By Joseph Parish
Since the beginning of medical history mankind has embraced certain types of tree barks which have been praised for there value in reducing fever, inflammation or pain. These barks have one common ingredient which allows them to retain foothold in medical value. It is the most potent pain killer found in nature.
Illnesses ranging from arthritis, bursitis, fever, headache, inflammation, menstrual cramps, muscle aches, osteoarthritis, tendonitis, and trauma are only a few of the problems treated with a healthy dose of this natural salicin. You may be asking where this wonder drug comes from. It is the natural byproduct of a species of tree barks.
The use of this bark reverts back as far as the 1800's, when scientists managed to identify and then to extract salicin as the pain killing medication found in the bark. From there they went on to develop a synthetic version known commercially as acetylsalicylic acid. We all know this is the name given to our modern day "Aspirin".
Aspirin is the most commonly used pain reliever found in the world with yearly consumption reaching over 90 million pounds annually. Thatís a lot of aspirin. Although as consumers today we now use the synthetic version of salicin the original bark from the trees is just as valuable from the survivalist or preppers view.
In a survival situation knowing how to both harvest the salicin and to use it could be one of the most important survival skills that you could learn. Salicin is found in the inner bark of several species of trees including the Willow family. These plants include:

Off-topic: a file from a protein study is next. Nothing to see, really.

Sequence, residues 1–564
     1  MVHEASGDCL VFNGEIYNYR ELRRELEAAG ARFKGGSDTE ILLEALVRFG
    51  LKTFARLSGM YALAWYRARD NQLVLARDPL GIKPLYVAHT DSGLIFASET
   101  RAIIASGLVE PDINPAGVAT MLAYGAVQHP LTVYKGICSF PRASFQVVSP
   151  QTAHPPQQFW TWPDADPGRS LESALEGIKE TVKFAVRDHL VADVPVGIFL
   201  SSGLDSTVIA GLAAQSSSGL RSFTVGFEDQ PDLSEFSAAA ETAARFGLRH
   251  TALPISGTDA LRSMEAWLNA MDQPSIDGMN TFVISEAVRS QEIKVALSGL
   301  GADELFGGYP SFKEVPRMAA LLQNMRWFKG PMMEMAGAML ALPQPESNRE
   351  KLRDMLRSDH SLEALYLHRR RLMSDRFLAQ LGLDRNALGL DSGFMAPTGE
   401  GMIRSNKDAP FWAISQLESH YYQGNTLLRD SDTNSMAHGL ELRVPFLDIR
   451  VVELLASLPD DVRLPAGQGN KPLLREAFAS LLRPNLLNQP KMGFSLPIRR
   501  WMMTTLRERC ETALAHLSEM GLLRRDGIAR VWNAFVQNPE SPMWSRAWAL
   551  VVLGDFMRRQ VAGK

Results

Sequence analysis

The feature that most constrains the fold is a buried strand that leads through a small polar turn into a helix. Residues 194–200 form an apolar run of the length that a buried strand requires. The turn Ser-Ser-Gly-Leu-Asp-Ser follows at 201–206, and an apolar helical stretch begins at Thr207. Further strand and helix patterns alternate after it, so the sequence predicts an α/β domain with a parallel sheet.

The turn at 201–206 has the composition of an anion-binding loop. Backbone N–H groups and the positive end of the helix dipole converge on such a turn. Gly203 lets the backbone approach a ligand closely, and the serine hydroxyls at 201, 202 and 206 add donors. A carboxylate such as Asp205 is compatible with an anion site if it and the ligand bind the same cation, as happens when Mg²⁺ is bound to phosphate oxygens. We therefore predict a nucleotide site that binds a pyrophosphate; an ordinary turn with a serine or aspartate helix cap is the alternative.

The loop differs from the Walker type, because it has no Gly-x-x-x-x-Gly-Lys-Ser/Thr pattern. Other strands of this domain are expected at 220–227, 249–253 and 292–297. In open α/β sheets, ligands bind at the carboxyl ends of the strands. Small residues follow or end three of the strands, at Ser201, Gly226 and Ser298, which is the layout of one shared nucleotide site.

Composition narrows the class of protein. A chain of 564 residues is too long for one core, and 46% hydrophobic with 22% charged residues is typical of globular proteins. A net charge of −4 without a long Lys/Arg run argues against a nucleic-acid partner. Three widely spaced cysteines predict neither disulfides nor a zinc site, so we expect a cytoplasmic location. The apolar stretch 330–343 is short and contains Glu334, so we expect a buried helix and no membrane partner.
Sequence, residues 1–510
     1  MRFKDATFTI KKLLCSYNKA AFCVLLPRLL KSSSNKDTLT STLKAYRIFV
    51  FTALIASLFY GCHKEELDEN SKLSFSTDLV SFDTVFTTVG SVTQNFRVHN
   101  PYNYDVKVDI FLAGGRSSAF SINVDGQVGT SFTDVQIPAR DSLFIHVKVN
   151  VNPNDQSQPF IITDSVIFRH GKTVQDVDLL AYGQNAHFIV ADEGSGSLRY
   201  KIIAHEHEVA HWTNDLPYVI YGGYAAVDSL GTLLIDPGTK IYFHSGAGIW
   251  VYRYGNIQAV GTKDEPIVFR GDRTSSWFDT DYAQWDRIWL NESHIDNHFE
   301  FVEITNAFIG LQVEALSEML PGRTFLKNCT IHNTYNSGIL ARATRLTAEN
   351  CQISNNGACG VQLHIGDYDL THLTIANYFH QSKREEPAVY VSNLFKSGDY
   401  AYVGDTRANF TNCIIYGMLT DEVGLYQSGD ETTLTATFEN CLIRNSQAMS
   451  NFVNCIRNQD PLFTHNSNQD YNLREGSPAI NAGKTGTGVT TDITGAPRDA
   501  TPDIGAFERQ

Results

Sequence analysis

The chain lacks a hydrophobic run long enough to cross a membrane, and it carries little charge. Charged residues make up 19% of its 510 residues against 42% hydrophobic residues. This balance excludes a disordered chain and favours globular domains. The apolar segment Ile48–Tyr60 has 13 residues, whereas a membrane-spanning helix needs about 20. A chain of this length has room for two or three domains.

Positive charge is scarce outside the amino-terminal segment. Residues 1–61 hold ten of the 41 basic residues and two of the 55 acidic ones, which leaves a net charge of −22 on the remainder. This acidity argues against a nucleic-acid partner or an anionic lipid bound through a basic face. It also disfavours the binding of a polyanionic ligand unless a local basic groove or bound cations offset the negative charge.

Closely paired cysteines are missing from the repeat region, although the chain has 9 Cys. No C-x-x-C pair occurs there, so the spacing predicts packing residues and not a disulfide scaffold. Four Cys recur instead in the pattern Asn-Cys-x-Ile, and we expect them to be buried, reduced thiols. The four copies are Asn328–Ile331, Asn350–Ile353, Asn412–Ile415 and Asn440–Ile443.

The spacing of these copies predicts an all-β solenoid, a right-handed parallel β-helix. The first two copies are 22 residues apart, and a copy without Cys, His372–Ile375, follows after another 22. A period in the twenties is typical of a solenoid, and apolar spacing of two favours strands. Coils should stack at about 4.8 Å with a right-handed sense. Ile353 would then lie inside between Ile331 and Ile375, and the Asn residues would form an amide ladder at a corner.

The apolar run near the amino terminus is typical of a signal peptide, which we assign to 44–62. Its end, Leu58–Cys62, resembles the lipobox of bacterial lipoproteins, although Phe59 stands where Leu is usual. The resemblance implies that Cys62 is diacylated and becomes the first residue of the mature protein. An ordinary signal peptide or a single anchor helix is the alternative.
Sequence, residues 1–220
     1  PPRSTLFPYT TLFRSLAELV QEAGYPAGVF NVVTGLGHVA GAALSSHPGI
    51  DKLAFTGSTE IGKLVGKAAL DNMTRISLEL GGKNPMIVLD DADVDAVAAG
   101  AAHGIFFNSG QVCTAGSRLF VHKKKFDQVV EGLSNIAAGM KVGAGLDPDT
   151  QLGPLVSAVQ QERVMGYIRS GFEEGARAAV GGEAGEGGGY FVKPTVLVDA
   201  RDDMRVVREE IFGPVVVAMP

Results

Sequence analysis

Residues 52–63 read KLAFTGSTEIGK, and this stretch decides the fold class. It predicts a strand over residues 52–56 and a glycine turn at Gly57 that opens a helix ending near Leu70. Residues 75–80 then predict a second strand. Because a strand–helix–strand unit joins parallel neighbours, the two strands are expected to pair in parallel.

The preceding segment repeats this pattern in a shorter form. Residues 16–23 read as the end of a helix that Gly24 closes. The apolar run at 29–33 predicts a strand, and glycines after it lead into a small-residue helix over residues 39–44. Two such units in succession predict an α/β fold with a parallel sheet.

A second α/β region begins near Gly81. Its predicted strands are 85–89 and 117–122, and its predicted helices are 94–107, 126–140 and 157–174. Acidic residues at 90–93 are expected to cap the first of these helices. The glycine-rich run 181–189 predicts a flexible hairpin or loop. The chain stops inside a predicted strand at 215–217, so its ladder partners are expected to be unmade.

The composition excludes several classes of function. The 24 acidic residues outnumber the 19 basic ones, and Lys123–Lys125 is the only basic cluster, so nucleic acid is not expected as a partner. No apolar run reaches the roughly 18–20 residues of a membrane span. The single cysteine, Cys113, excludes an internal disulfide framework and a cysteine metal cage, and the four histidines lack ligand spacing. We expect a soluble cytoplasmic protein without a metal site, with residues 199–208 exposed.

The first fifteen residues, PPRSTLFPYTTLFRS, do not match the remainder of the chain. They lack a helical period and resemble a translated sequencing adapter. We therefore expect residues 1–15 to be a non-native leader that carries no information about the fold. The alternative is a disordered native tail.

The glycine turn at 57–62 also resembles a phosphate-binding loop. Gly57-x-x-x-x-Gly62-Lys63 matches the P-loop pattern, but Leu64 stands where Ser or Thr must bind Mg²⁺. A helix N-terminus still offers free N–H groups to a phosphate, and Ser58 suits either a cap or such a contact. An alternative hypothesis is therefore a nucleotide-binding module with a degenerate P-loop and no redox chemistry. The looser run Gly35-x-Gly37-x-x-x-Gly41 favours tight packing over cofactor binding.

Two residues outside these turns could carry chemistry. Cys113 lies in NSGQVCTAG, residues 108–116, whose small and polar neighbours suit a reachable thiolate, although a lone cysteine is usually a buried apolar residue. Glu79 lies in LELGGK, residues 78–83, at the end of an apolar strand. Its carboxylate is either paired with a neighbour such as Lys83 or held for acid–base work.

* American, Trembling or Quaking Aspen
* Big tooth Aspen
* White willow or European willow
* Black willow or the popular pussy willow
* Crack willow
* Purple willow
* Weeping willow
In addition, a very readily available source is the popular tree. Using the inner bark of a popular tree is the easiest method of creating a natural aspirin. Usually the younger trees make the more potent products. Poplar trees are a fast growing tree that can often gain as much as ten feet or more in a single season. They have large leaves which grow directly from the plants main stem. When the tree grows in size these stems will form branches from which the leaves become much smaller.
The salicin which we want to harvest is contained within the trees inner bark which is scientifically known as the cambium layer. This inner bark is considered the living tissue of this plant and is found between the rough outer bark and its hard wood.
In the spring or early summer it is a fairly easy task to peel the outer bark of the tree and chew it directly or if you so desire it can be steeped in hot water to create an aspirin tea. Cut in the bark, striping it off. It will appear to be very slippery allowing you to carefully peel it in long continuous strips.
During other seasons you may not be able to peel the bark so easily from the tree. In such case you will need to scrape off the inner and outer barks using a sharp knife. You will quickly notice that the smell and the taste of the poplar bark appear to be very aspirin like. It presents a bitter taste which is undesirable to many people. If you are in a hurry you could simply chew some of the bark in your mouth while swallowing the liquid. If the bitter taste is an issue, an alternative method would be to simmer two teaspoons of the bark in one cup of water for a period of ten minutes. Let the liquid cool and then strain and drink it. You can safely consume 3 or 4 cups of this drink on a daily basis without any undesirable effects.
If you use a product provided by Mother Nature keep in mind to use only what you need and leave the rest for others. Never deface a tree by removing bark from its main trunk but instead use the small branches in order to limit the amount of damage done.
Copyright @2010 Joseph Parish